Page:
There will be additional ad hoc skills training to enable students to acquire the intellectual skills necessary for postgraduate work including identifying and locating appropriate materials, critical and analytical reading, writing skills and conventions. Specifically, the skills training on concise formal argument based presentation, negotiation and mooting will be conducted.
Legal Research Skills and Reasoning module form the core of the learning and teaching methods above which will not only provide guidance on identifying a suitable research question, carrying out research, writing a literature review and planning and writing their dissertation, it will also enhance general legal research, organisation and presentational skills as well as develop capacity for advanced scholarship and opportunity for independent learning needed throughout the course.
The overall teaching strategy will allow students to devise research and execute sustained pieces of writing and research projects and to execute them under the supervision of a suitably qualified member of staff. Further, students will have gained disciplined approaches to research to enable them to undertake formal oral presentations, oral submissions of case, mooting and debate as well as negotiation which are thoroughly embedded as key application, problem-solving and transferable intellectual skills within the legal discipline.
All modules will be supported by Moodle VLE and students will be provided with a wide range of learning material and study guidance throughout the course of study. In addition, the university library service provides continuous training and support to students accessing legal databases, indexes and journals online. They also assist in obtaining paper-based materials and technical/IT assistance. At any given time, there are approximately 300 undergraduate students undertaking law modules within the School and thus the library staff are experienced in dealing with information skills specific to legal study.
- Minimum time commitment for study Typical full time study will involve the taught modules being delivered across 3 terms starting in September and ending in June of the following year. From June students will undergo dissertation supervision which will then need to be completed before the end of August.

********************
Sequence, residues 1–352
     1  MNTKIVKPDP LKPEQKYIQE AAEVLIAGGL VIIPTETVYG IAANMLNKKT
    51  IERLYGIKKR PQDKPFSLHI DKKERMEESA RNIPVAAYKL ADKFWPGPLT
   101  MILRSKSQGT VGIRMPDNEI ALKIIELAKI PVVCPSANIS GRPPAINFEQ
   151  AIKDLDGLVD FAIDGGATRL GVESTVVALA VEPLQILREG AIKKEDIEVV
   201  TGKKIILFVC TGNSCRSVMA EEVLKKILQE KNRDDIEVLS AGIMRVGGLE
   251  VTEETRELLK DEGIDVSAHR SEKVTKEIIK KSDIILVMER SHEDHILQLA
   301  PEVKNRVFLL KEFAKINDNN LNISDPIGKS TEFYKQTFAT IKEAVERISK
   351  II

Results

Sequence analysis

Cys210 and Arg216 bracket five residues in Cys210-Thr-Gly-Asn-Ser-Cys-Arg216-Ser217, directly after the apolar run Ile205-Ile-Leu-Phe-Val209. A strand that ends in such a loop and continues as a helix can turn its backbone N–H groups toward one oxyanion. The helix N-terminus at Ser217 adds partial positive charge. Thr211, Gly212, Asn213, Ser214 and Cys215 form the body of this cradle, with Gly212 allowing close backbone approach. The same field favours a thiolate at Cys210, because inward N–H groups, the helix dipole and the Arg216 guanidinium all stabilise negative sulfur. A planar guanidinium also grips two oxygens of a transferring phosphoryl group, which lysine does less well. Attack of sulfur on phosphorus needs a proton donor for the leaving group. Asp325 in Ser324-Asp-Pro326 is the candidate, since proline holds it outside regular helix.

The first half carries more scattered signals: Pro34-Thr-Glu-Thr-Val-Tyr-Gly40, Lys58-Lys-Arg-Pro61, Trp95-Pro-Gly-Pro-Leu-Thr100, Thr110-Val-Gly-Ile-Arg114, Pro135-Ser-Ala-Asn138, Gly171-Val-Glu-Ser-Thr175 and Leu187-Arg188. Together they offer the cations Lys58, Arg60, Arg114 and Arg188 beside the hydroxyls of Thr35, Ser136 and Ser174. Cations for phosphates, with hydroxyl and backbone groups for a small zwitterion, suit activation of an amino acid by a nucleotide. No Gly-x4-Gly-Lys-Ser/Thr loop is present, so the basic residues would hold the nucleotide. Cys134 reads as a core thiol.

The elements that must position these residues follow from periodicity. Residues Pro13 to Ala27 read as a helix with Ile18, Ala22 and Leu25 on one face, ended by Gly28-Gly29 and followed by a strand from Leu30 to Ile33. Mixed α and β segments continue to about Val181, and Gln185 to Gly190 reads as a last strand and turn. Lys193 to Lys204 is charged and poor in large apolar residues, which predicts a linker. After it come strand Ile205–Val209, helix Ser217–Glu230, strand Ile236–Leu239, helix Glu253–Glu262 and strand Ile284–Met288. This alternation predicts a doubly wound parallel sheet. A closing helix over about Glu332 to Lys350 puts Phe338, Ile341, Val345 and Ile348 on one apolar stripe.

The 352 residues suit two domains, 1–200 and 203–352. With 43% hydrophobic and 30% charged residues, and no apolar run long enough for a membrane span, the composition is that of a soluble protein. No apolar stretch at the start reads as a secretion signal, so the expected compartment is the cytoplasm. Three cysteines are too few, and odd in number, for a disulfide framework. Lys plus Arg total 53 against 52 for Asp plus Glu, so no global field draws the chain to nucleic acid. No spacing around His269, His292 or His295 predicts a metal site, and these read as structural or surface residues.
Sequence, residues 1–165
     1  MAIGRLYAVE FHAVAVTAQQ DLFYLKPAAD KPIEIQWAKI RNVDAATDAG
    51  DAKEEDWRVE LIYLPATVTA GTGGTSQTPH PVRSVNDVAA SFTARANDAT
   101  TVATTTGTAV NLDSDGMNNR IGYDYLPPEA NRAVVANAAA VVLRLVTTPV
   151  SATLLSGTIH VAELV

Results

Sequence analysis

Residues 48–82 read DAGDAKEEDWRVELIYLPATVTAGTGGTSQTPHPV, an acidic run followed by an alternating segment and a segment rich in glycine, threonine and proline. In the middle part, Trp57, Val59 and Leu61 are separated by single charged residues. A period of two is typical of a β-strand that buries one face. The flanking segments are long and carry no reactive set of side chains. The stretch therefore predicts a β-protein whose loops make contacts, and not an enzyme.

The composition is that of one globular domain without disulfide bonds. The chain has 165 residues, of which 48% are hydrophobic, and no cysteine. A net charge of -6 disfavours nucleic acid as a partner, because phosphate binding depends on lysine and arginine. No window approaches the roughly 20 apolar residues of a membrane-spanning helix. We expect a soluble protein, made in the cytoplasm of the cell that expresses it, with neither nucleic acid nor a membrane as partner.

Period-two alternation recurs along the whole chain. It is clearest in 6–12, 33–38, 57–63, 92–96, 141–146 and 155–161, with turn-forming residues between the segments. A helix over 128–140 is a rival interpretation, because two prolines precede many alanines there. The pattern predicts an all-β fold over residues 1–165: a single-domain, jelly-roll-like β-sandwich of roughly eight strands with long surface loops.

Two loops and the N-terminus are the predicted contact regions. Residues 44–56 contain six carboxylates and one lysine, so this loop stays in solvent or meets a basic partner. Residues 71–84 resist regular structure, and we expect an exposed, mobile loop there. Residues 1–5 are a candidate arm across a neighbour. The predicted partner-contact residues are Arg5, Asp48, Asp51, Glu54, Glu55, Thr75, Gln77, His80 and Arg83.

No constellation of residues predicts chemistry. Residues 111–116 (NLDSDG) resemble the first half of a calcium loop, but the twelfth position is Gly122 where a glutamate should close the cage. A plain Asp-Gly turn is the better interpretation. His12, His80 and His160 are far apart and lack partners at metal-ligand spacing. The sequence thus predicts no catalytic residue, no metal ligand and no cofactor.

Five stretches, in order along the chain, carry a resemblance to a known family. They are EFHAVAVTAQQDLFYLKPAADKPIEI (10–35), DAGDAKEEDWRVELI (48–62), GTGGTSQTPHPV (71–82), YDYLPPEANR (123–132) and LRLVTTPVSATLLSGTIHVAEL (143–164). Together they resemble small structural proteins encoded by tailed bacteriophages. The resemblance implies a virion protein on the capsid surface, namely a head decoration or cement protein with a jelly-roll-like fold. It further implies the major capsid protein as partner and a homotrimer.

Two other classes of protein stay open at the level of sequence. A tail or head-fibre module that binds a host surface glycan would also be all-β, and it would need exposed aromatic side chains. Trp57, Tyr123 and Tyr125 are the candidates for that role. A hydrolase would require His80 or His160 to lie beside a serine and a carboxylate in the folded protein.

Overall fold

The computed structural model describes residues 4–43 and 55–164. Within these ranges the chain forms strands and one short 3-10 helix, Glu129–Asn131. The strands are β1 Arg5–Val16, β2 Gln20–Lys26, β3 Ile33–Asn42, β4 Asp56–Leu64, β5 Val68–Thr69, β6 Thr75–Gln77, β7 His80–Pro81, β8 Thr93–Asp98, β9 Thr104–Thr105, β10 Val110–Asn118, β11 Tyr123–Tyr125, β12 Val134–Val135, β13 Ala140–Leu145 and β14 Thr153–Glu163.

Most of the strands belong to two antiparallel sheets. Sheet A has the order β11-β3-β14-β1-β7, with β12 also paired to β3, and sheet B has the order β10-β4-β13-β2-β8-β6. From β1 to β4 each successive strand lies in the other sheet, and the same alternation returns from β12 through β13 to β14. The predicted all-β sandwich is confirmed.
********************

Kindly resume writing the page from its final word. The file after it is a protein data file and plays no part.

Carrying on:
Thus for each taught module in each term the following is an indicator of the time commitment needed. Each 20 credit taught module requires the students to attend to their studies by participating in group sessions for a minimum of 20 hours. In addition, there will be skills workshops and seminars to prepare for and attend. Students will also need to devote 180 hours per module as a minimum to undertake guided and self-initiated private study to achieve module milestones and outcomes as an independent learner especially in undertaking preparation work and completion of assessments.
Employability & Careers
The programme aims to equip individuals with the fundamentals of international business, through development of legal knowledge and skills, which will enable them to operate efficiently and lawfully as managers, entrepreneurs and specialist practitioners.
It provides disciplined legal context to individual's business knowledge and experience in meeting the demands placed upon them in a highly competitive global commercial environment. The programme therefore opens a broad range of enhanced employment opportunities in business, management and administration across private and public sectors, including NGOs and international organisations.
Previous graduates have entered multinational corporations as managers and administrators and indeed a few that were legally qualified before undertaking this programme have been able to enter into commercial chancery litigation and advisory practice area.